Language Style - Danish
- 1 Style guidelines and principles
- 2 Basics of good writing style
- 3 Language and culture
- 4 Grammar
- 5 Punctuation
- 6 Numerals
- 7 Terminology
- 8 Checklist
Style guidelines and principles
This document provides generic style guidelines for Sailfish OS. The target audience for this documentation is everyone translating Sailfish OS-related material. The goal is to create contemporary translations that provide a high-quality user experience.
Sailfish OS audience and target group for the translations is young, active users accustomed to social media and therefore its language.
Please consult Retskrivningsordbogen (the 2012 version) frequently. This is the most prominent Danish tool for correct spelling, punctuation, abbreviations and the like. Retskrivningsordbogen can be found online: http://www.dsn.dk/ro/. Here you can search for entries (the tab “Retskrivningsordbogen”), and you can search through rules (the tab “Retskrivningsregler”). In case of discrepancies between these guidelines and Retskrivningsordbogen, please raise a query.
Basics of good writing style
- Write in a personal style, engaging and involving the user.
- Use active style and present tense. Use imperatives and talk to the user.
- Make sure the text is consistent and clear and correct in grammar and spelling.
- Write in short sentences.
- Use a positive tone, avoid negative expressions.
- Avoid ambiguity. Make sure that pronouns point clearly to the relevant nouns, and avoid long strings of modifiers or nouns.
Remember we are sailing on a jolly boat. Have fun! Play with the language. Be innovative and guide the readers onto a journey. Do not attempt to use humor, but use fresh and fun tone where it naturally fits. Remember that the most important part is delivering a clear message.
Note that in technical writing, descriptions and instructions should not include text that is written from a marketing point of view.
Language and culture
Because our communication is targeted to international use and part of it will be translated, try to keep the language culturally unambiguous, be careful of religious references, and avoid using idiomatic expressions or slang. The key aspects are clarity and simplicity. Consider these targets when adapting the jolly tone to the texts. In software UI translations: Respect the source text, but do not create word for word translations. Take the context into account when translating.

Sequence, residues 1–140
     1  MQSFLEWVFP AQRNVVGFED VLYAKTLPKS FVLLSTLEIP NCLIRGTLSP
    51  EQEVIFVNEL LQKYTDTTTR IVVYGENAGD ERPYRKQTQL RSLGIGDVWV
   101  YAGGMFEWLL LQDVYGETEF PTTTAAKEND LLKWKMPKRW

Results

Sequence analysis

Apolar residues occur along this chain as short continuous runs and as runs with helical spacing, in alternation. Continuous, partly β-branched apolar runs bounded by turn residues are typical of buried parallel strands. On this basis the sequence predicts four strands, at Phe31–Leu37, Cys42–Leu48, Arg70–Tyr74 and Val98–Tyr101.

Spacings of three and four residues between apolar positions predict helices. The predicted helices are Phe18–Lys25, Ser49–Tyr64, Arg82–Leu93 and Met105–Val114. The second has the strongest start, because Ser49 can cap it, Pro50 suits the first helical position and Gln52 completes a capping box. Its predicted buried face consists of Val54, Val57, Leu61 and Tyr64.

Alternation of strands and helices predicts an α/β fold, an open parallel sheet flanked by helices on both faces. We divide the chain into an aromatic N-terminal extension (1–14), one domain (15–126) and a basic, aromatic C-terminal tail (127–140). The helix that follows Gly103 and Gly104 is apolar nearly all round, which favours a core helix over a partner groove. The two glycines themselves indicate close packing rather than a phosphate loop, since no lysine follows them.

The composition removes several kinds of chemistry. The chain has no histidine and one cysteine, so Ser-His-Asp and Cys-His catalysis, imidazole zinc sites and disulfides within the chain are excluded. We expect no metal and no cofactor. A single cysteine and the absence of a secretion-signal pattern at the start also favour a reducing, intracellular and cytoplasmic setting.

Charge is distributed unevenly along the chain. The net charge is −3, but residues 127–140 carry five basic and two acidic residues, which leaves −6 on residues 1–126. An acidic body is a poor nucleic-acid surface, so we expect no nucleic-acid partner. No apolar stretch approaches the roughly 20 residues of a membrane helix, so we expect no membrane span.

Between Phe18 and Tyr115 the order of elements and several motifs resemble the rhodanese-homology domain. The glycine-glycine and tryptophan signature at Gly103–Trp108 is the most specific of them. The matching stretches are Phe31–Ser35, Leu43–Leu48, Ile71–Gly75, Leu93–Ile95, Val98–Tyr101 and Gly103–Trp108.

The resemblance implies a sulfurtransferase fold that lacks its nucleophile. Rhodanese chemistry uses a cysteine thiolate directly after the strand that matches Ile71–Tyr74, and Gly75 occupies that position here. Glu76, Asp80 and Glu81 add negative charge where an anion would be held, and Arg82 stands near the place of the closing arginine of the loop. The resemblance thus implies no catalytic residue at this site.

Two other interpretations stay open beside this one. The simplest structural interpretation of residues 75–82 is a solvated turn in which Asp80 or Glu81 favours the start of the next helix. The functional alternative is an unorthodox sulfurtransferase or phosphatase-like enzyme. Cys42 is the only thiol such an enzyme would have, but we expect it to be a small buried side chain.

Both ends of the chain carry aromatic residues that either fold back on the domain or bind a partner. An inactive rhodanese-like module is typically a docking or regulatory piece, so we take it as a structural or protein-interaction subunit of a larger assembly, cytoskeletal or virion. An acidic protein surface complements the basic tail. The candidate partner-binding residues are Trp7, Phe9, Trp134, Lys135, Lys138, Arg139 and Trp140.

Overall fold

The latest edition of Retskrivningsordbogen allows for alternative spelling of some terms. For the sake of consistency, please note the following:
- Allowed: it, tv, cd-rom
- Instead of: IT, TV, CD-rom
When possible, leave out articles.
Please remember that in Danish (unlike in English), most compound nouns must be written in one word.
- Correct: kaffebønner, testrapport
- Incorrect: kaffe bønner, test rapport
If in doubt: Consult Retskrivningsordbogen, or simply write it in one word.
Please try to be informal if that is natural in your language.
In Danish, use the second person:
- Correct: Vælg sange
- Incorrect: Brugeren vælger sange
Avoid using gender:
- Correct: Vælg sangene
- Incorrect: Han vælger selv sangene
- Incorrect: Du vælger selv sangene
Keep addressing consistent: e.g. if a paragraph was started using the second person, retain it throughout all its sentences (as opposed to switching to third person or neutral mood).
Use gender-neutral or all-inclusive terms to refer to human beings, rather than terms that include man, woman, and similar masculine and feminine terms. For example:
- Correct: Forsanger
- Incorrect: Sangerinde
Use the present tense. E.g.:
- Correct: Media player vælger sangene
- Incorrect: Media player vil vælge sangene
Whenever possible, use the active voice. Keep the message clear and the sentences short. For example:
- Correct: Opdater dine kontoindstillinger i…
- Incorrect: Kontoindstillinger opdateres i…
Use the imperative form. For example:
- Correct: Gå til Indstillinger
- Incorrect: Brugeren går til Indstillinger
Capitalise application names and company names.
In the UI, start the first word with a capital letter.
Respect capitalisation rules of the language in question. Capitalise application names and company names.
- E.g. application name: Kalender.
In software UI: Start the first word with a capital letter, but not the subsequent ones. The UI term Åbn besked, e.g.:
- Correct: Gå til Åbn besked
- Incorrect: Gå til Åbn Besked, Gå til åbn besked
In all other instances, please respect the capitalisation rules of the language in question – see Retskrivningsordbogen.
Menu style in the UI
User Interface menu items are named using verbs.
Empty states in the UI